Social Justice

Puerto Rico Association of University Professors rallies against proposed budget cuts

By Ankur Singh
Medill Reports

Puerto Rico remains in the midst of a massive fiscal crisis with over $72 billion in debt. To address this crisis, in 2016 the United States Congress created a Fiscal Oversight Board that was not elected through the passage of the PROMESA ACT in order to manage and reduce Puerto Rico’s debt.

The seven-member board was appointed by former President Barack Obama and includes many people from the finance and banking industries.

The board has proposed a series of austerity measures to cut funding for many of the island’s institutions. In particular, the University of Puerto Rico, with its eleven campuses across the island, has been hit particularly hard. Continue reading Puerto Rico Association of University Professors rallies against proposed budget cuts

Your old cell phone could become the medals for 2020 Tokyo Olympics

By Cyan Zhong
Medill Reports

If you live in Japan, you might have a chance to see top athletes all over the world wear your old phones on their necks next summer.

Well, not quite, but close. The Tokyo Organizing Committee of the Olympic and Paralympic Games has been collecting used electronics all over Japan, including old cellphones and home appliances. The plan is to extract the metal and make – you guessed it – Olympic medals.

A Japanese factory is melting the electronics to extract the metal within. (Ⓒ Tanaka Kikinzoku Kogyo).

“The Medal Project,” as the committee calls it, is a big part of sustainability innovations ahead of the games. Kicked off in April 2017, the project is now near the finish line – March marks the last month of collection, said Tatsuo Ogura, senior manager of international communications for the committee.

“When we started this project in 2017, we expected it to finish in two years,” Ogura said. “We are on the right track and we almost met with the goal.”

The committee fulfilled the 2,700-kilogram goal of bronze collection last June. In October, it met 93.7 percent of the target for salvaging gold and 85.4 percent for silver, Ogura said.

A total of 1,500 municipalities across Japan are involved in the medal project, and they put the signature yellow donation boxes at post offices or street corners for citizens to donate their used devices, Ogura said. They can also donate at 2,400 NTT DOCOMO stores nationwide, Japan’s predominant mobile phone operator.

“We believe that, by supporting schemes like the medal project which encourage participation by the public, we can draw attention to the importance of recycling and help realize an environmentally friendly and sustainable society,” a NTT Docomo representative said in an email.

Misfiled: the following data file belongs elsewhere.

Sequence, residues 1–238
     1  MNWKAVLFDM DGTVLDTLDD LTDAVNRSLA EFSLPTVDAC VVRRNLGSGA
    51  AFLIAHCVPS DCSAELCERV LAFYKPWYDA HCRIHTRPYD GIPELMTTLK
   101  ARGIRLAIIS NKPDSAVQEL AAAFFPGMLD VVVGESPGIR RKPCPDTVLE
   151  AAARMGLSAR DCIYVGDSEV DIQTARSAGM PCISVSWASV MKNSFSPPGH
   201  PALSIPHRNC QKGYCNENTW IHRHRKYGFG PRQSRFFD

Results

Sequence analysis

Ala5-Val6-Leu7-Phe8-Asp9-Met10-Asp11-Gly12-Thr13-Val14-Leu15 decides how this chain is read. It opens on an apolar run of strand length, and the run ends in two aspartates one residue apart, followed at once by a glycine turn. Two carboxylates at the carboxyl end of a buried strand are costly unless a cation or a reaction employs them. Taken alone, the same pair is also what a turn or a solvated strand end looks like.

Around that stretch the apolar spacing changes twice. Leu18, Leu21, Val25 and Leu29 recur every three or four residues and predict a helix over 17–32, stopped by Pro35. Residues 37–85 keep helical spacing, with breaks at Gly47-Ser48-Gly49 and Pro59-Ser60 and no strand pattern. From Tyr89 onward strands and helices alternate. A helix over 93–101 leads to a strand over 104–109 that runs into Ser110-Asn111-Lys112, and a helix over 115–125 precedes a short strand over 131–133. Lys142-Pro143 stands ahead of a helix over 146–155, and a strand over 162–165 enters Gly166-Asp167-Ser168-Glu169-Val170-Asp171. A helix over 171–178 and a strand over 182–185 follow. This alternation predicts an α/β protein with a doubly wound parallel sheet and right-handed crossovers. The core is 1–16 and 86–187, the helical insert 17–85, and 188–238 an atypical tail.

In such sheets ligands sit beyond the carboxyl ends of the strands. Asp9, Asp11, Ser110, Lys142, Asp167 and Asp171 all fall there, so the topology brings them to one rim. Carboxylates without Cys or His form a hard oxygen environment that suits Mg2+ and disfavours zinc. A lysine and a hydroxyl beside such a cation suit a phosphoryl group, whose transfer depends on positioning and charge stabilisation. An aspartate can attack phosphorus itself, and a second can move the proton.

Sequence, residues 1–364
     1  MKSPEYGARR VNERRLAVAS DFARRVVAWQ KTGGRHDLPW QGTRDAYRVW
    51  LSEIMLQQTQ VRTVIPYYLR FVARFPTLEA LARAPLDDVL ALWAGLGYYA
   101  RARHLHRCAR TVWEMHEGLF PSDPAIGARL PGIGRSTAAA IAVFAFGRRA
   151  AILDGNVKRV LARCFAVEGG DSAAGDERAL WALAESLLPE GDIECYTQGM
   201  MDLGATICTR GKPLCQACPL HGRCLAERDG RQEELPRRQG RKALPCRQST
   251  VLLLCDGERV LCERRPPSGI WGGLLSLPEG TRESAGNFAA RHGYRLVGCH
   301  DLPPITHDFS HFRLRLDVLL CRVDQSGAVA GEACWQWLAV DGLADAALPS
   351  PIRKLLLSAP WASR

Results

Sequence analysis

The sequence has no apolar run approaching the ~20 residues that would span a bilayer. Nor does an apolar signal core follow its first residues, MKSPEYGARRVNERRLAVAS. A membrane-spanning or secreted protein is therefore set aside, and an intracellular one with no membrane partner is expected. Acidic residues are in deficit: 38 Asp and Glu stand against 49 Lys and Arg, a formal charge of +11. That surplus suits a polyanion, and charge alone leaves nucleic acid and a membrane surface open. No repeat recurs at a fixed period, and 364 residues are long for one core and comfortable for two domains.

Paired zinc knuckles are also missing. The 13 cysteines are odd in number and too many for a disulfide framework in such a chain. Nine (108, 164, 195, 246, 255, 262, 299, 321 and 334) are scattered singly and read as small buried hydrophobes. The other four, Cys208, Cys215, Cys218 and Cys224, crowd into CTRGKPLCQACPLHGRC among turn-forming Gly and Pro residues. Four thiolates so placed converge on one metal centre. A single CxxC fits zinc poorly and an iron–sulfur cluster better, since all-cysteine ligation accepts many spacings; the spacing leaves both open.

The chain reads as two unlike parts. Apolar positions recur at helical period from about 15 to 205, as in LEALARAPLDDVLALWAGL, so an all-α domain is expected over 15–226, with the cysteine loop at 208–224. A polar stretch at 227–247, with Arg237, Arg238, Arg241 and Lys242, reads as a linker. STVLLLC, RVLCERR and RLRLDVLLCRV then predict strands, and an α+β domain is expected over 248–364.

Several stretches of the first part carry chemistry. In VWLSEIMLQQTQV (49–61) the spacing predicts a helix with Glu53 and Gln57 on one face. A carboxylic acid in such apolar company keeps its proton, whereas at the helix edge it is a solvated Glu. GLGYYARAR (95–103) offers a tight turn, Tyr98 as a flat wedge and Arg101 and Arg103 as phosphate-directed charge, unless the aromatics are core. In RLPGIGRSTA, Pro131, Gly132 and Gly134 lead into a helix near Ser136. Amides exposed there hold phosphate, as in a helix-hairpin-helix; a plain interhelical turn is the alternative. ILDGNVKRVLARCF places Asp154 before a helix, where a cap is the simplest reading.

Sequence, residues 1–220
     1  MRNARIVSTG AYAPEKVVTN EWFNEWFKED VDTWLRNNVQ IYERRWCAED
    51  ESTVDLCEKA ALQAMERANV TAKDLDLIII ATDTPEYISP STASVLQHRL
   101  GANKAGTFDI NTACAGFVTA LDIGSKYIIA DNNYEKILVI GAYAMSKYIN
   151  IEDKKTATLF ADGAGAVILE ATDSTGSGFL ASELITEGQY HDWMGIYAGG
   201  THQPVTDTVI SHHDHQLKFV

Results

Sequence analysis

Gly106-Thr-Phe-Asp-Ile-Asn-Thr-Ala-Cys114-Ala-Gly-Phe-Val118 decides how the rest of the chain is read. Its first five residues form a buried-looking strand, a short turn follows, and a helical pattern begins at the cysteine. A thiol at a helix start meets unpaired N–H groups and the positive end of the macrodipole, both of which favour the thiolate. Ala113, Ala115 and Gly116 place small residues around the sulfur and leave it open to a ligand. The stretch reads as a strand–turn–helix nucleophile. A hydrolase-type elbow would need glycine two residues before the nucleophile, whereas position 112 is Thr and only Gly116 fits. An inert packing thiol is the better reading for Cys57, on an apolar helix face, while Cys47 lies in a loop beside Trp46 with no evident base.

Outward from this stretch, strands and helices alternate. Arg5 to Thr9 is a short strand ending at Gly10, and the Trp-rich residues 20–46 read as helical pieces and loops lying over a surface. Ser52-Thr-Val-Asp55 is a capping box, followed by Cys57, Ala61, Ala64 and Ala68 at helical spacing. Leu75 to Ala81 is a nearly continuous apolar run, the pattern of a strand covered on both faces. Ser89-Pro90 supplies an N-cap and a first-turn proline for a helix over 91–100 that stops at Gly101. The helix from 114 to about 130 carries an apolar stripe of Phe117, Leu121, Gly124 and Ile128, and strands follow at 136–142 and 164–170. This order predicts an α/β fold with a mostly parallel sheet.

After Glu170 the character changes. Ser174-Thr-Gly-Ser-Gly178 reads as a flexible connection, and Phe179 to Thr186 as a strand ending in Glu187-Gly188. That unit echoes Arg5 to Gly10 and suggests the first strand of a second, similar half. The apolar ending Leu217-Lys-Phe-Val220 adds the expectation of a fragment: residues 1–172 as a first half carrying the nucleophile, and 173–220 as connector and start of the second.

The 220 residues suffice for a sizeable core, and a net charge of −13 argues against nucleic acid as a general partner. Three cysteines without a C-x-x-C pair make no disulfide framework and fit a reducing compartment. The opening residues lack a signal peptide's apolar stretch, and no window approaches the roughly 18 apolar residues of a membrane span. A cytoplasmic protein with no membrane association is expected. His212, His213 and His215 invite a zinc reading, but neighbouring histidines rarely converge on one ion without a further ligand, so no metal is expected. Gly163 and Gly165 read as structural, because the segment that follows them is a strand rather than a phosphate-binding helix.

The yellow donation box allows people all over Japan to donate their used electronic devices. Many athletes are on board with the project and signed their names to back the cause. (Cyan Zhong/Medill Reports)

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R. Kelly indictment sparks sexual violence conversations among Chicagoans

By Nora Mabie
Medill Reports

Students, educators and community members came together this month to discuss sexual violence against black women and girls at the Pop-Up JUST Art Gallery, a program of the Social Justice Initiative at University of Illinois at Chicago.

Recent charges of sexual abuse against R&B singer R. Kelly ignited the meeting and discussion, part of UIC’s Reimagining Masculinities Initiative and hosted by other UIC cultural engagement centers.
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San Juan outreach program supports local homeless community

By Chris Schulz
Medill Reports
SAN JUAN, PUERTO RICO –

It’s just before 8 p.m. when we arrive at Iniciativa Comunitaria in the Rio Piedras neighborhood of San Juan.

Every Friday night, Iniciativa conducts Operación Compasión, a nighttime round to serve the local homeless population by providing food, coffee, juice, condoms, clothes, hygiene kits and needle exchange, among other things.

Each week a different member of the organization leads the outreach. Tonight the leader is Emanuel Rivera, a young public health professional, accompanied by his brother Kenneth. Emanuel is already a veteran of the rounds, but this is 17-year-old Kenneth’s first time volunteering. Ivan Figueroa, a local pharmacist who is helping set up but will not join us on the rounds, briefs us about what to expect and what to do while Emmanuel prepares the coffee and juice. Continue reading

The art of motion – hoop dance contest world championships 2019

By Lily Qi
Medill Reports

American Indian and Canadian First Nations hoop dancers gathered in Phoenix to compete with each other in this dance competition to celebrate Native traditions.

The 2019 Head Museum World Championship Hoop Dance Contest filled Feb 9 and Feb 10 with dances drawing together 36 First Nations from across the Americas. Continue reading

Bernie Sanders rallies in Chicago promising a political revolution

By Jess Martinaitis
Medill Reports

Thousands of supporters gathered to cheer Sen. Bernie Sanders (D-Vermont) at his rally in Chicago Sunday, his second stop on his second run for president.